Located to the west of the capital, Jaimanitas – as well as Cojímar - it is also a town of fishermen frequently visited by Ernest Hemingway in the 30’s during the last century.
Just a few meters (300) away from the present Tourist Community that takes the name of the famous American writer, Jaimanitas gained its fame starting from rumors of adventures by sea of smugglers of alcohols and liquors according to the investigation of Mario Masvidal Saavedra.
The investigator tells that the visits, by earth as well as by sea, were very frequent on the part of Hemingway who among other people had known there the marriage of George Grant and Jane Mason, owners of a recreational boat called ‘Pelicano II’.
One of the first references - and the only one explicit - to Jaimanitas appears in its theatrical piece "La Quinta Columna" (The Fifth Column), published in 1938, according to the investigator.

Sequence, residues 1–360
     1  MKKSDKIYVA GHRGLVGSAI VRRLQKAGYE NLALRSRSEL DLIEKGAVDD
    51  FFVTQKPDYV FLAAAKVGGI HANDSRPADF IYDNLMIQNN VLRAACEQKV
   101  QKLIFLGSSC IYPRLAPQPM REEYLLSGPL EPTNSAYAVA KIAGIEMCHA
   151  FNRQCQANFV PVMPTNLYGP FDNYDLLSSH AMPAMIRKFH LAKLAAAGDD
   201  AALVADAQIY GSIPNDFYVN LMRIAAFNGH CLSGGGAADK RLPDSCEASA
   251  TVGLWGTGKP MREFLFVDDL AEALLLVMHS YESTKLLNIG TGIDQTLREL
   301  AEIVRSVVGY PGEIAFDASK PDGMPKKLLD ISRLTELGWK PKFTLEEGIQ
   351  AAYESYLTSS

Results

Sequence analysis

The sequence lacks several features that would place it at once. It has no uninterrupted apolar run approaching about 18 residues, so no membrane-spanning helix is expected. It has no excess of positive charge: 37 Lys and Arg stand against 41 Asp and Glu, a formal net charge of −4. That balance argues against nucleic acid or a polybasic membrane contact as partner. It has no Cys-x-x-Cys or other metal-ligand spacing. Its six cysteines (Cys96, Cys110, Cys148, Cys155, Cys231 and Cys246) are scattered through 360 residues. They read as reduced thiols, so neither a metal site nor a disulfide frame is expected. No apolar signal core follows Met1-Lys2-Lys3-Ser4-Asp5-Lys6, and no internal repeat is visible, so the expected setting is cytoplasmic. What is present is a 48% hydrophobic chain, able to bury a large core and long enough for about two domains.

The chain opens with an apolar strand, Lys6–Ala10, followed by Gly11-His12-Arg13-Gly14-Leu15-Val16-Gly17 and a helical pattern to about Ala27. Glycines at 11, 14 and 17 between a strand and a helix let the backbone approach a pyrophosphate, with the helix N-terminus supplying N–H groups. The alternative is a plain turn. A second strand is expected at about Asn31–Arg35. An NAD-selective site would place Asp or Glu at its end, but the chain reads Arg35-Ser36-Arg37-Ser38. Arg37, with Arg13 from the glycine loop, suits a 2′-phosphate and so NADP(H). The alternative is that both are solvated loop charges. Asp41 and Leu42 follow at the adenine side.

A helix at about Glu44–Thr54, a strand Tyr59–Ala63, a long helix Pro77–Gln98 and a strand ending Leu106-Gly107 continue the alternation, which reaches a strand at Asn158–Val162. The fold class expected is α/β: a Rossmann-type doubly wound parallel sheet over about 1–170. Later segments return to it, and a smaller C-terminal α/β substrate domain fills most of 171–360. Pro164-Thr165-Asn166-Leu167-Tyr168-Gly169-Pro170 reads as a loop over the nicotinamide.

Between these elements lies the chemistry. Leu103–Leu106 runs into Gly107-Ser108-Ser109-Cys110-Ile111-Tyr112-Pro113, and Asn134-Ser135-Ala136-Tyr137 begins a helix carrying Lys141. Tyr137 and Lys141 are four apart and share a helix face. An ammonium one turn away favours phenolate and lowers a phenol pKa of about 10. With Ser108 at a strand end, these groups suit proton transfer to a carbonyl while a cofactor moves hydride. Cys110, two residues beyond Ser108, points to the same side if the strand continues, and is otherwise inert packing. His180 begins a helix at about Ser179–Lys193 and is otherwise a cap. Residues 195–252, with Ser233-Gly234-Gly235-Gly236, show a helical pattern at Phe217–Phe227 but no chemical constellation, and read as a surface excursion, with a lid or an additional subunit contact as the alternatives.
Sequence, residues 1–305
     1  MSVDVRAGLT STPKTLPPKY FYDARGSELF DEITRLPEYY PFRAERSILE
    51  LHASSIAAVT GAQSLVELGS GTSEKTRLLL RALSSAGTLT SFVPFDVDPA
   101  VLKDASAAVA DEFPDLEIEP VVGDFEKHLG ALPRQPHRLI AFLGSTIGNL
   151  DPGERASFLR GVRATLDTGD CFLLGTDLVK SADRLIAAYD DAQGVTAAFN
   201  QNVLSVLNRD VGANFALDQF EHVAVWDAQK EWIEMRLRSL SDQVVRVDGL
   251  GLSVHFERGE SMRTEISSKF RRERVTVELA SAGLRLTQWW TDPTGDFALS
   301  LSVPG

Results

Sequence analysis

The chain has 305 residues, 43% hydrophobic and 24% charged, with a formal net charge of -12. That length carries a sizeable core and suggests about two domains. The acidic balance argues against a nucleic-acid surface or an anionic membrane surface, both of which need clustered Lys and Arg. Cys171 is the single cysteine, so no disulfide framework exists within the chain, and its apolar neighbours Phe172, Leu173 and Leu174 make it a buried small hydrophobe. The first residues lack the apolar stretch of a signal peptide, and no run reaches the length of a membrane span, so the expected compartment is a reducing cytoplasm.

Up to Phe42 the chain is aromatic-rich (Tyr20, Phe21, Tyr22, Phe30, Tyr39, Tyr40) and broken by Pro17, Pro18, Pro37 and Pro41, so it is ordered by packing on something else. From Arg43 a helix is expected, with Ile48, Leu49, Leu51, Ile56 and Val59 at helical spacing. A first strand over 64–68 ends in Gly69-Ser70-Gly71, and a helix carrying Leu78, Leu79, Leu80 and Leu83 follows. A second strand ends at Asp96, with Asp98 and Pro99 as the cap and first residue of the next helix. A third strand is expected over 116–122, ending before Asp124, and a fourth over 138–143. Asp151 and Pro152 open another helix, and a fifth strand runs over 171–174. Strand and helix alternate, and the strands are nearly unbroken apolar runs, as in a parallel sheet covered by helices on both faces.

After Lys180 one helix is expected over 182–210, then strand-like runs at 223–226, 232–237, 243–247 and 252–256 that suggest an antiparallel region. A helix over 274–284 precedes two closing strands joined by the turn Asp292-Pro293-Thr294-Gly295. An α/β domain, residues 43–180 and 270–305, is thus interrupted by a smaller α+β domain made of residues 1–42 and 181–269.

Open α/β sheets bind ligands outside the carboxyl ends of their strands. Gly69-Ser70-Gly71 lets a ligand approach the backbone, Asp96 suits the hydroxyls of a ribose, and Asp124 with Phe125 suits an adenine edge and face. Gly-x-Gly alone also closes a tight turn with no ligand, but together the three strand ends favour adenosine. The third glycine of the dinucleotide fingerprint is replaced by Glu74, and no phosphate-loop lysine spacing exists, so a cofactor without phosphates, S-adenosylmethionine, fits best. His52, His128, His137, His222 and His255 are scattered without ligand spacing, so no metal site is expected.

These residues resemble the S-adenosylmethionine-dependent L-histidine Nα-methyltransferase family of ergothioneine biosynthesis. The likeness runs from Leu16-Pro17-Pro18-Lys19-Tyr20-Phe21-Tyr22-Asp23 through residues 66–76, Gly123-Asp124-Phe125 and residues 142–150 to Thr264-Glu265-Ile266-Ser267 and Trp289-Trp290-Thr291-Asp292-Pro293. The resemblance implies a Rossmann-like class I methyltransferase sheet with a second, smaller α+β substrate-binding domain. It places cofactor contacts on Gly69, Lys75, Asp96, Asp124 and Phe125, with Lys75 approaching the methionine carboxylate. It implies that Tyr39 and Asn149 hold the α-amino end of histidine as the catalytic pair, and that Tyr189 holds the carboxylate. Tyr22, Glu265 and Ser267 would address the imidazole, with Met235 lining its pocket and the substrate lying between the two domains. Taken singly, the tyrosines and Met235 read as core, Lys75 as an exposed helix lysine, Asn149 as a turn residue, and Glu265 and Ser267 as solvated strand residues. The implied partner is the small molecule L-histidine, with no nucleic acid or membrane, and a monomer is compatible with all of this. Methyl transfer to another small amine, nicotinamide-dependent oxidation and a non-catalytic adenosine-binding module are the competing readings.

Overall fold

The other one is rather a suspicion. It is about a story "Nadie Muere Nunca’ (No one Never Dies), published the following year and for some specialists and well-read persons, the scenary of the story is Jaimanitas beach, that is: the house where the hero hides is the Mason's mansion in that town, a place frequently visited in such a way by Ernest, up to some extend that the rumors of a possible romance between the writer and Mrs. Jane began to arise.
He established a friendship with a family of origin ‘mayorquín’. Many anecdotes were written, mainly those that Guillermo Cunill stored, who passed away some years ago and who got proud when he said: “I drank "wisky" several times with "Papa". He and I were the same: fishermen and of the good ones!